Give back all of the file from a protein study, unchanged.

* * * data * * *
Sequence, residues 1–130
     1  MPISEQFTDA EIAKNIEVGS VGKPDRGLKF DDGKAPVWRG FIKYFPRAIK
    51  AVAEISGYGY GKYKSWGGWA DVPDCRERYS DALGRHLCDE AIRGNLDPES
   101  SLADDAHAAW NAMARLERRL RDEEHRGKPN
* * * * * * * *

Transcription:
Sequence, residues 1–130
     1  MPISEQFTDA EIAKNIEVGS VGKPDRGLKF DDGKAPVWRG FIKYFPRAIK
    51  AVAEISGYGY GKYKSWGGWA DVPDCRERYS DALGRHLCDE AIRGNLDPES
   101  SLADDAHAAW NAMARLERRL RDEEHRGKPN